Manage your assets with the help of a trustee
Finding the right trust arrangement will allow you to carry on with confidence.
Multiple factors play into deciding which trust arrangement best fits your needs. Mateskon Law will guide you through the details.
Pros & Cons
There are a variety of types of trusts. Deciding which legal instrument may suit your needs will depend on a number of considerations.
Once you share more details about your asset preservation goals, we may even find that other legal arrangements will benefit your needs better.
The most important step in determining which legal tools will support your beneficiaries, is to set up a legal consultation and get the process started.
Complex Family Dynamics
Protection from Creditors
Three Parties of a Trust
Trusts involve 3 parties in order to create the legal agreement that typically aims to separate legal title from beneficial ownership.
The person who transfers property to a Trustee, to be held and/or managed for further distribution to the Beneficiary when certain conditions are met.
The person(s) who receive property from the Trustor, in order to manage the property and transfer it to the Beneficiary when certain conditions are met.
The people, organizations, or even pets for whom property is being held and managed by the Trustee. There can be one or more Beneficiaries, and they will not receive the property from the Trustee until conditions as outlined by the Trustor are met.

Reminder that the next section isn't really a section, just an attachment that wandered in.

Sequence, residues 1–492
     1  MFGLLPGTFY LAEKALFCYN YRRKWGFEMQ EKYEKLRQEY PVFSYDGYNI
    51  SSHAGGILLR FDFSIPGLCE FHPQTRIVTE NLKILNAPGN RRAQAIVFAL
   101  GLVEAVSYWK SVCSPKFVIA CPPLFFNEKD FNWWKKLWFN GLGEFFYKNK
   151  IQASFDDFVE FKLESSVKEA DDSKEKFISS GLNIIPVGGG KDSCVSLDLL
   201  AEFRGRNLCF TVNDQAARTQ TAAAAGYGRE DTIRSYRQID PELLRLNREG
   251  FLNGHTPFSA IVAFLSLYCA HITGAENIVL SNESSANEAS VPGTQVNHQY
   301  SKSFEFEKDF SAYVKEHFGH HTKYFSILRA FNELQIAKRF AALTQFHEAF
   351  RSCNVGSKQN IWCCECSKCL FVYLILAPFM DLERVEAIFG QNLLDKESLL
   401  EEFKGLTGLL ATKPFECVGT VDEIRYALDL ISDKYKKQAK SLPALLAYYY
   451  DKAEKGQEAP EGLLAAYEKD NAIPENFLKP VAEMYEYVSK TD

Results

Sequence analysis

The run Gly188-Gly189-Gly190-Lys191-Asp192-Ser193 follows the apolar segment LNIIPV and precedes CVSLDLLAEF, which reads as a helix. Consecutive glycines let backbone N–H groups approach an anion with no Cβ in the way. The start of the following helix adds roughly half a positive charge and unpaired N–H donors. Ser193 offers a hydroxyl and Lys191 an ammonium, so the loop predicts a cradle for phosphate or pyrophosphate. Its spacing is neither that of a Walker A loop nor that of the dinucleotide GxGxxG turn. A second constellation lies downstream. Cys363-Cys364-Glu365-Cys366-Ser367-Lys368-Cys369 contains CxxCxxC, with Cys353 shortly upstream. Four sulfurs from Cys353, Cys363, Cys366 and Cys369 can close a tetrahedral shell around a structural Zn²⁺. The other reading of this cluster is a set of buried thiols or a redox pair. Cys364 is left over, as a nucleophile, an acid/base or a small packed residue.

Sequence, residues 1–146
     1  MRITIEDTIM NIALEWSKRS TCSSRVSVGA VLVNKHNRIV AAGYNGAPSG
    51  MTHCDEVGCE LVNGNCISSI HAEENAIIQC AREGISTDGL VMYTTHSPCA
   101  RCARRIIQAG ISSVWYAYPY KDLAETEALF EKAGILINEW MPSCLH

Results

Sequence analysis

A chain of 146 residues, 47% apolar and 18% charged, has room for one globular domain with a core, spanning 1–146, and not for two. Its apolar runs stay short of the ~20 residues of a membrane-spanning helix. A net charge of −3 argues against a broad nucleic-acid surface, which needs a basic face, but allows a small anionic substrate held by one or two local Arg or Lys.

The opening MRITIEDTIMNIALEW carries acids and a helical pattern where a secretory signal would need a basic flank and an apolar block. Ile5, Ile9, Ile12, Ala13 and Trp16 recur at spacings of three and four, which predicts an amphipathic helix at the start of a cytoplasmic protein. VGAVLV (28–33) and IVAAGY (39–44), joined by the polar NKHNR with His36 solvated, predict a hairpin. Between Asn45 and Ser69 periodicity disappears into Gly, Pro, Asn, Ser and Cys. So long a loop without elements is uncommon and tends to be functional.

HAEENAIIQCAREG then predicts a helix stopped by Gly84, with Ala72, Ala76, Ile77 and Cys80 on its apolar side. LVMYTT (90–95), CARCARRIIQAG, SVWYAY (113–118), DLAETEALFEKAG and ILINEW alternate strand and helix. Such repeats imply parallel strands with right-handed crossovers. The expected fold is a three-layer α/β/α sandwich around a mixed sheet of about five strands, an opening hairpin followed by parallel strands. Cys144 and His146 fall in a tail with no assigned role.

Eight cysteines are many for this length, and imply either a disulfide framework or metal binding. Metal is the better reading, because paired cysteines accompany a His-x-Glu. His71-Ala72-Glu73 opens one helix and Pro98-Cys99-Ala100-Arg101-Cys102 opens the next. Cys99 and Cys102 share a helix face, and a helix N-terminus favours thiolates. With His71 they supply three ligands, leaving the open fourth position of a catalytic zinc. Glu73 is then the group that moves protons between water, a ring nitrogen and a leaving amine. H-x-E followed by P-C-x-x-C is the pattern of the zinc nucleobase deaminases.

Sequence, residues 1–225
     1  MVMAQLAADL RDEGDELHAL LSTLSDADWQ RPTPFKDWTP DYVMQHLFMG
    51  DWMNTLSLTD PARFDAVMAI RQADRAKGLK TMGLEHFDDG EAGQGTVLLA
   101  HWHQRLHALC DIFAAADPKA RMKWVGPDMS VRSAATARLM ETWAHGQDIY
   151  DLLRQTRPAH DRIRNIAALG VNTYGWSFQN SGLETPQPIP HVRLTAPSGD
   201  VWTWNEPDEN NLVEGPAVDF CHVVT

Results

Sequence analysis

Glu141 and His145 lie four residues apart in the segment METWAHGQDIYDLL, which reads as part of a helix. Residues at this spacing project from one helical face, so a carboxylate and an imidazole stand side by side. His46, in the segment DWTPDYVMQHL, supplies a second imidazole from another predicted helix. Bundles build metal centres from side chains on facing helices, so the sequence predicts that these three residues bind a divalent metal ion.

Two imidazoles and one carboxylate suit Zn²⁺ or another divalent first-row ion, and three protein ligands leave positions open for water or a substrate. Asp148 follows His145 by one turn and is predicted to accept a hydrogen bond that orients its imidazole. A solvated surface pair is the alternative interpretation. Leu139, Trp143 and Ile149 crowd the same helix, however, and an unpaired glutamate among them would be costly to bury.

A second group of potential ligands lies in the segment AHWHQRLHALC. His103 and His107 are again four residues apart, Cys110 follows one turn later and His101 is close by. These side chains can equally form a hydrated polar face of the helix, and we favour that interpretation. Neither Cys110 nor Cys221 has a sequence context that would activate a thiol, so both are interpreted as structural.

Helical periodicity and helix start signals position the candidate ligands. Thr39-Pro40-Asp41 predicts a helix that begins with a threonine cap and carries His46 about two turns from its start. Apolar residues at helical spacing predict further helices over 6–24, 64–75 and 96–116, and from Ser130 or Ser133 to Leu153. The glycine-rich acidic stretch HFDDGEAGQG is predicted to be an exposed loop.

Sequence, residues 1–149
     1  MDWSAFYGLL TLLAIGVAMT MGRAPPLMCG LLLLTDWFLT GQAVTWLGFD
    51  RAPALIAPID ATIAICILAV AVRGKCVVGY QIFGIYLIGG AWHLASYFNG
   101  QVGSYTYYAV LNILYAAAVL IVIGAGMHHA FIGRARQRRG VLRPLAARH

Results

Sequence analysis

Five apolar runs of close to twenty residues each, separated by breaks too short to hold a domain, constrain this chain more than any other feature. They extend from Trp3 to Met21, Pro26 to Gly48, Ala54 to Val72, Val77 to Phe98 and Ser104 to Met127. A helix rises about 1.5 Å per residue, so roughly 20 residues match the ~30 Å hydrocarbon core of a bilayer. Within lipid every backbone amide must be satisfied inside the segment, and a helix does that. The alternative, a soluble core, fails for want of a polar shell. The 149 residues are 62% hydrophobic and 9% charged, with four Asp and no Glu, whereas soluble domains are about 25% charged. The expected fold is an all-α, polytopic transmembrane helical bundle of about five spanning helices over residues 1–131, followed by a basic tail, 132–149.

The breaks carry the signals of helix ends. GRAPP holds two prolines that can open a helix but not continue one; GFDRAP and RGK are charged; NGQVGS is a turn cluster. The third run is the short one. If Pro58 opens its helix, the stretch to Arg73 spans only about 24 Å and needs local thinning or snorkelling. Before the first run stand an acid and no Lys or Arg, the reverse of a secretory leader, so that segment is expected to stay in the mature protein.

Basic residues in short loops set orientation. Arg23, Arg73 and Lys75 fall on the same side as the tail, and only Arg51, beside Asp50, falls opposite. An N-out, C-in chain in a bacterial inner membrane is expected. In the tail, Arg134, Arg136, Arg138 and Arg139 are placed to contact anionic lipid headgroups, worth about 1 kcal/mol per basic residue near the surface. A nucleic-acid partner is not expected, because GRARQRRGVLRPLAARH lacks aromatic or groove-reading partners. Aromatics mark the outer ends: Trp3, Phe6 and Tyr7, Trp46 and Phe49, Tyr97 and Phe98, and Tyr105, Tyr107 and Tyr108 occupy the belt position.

Frequently Asked Questions
Which trust is best for my estate?
There are a variety of trust instruments that can be used for a wide range of goals. Many people think of trusts as being something only super rich people put in place, but even moderate estates can benefit from a trust to achieve specific goals.
General trust categories: Living Trusts, Revocable Trusts, Irrevocable Trusts, QTIP Trusts, Probate Avoidance Trusts, IRA Trusts, Gun Trusts, etc. When we go through the Estate Planning process together, we will explore whether a trust may be beneficial to your goals.
Should I have both a will and a trust?
You can have both a will and a trust as part of your Estate Plan. Having one in place does not preclude you from putting the other in place. Each legal instrument may serve a different estate preservation goal.
We can determine which legal instruments align with your goals as we go through the Estate Planning process together.
Can I make changes to a trust after it is in place?
If the Trust is revocable, a Grantor can make changes to or dissolve a Trust while they are alive. The Trust document itself will dictate what can happen after the Trustor is deceased, so it is important that the document is drafted correctly to achieve your goals.
Can the trustee or my beneficiaries make changes to a trust?
Beneficiaries typically can not make changes to or dissolve a trust during or after the Trustor’s lifetime. However, a Trustee may have the opportunity to make changes to or dissolve a trust during or after the Trustor’s lifetime depending on various legal requirements or at the direction of the Trustor.
Again, this is something that we can discuss in depth during the Estate Planning process, because the nuances are specific to the desired goal for the trust.
Warning Signs That Your Parents Do Not Have an Estate Plan, Will, or Trust
I know it's tough to read this, but your parents are going to die - and probably before you do.It sucks, I know. Not fun to...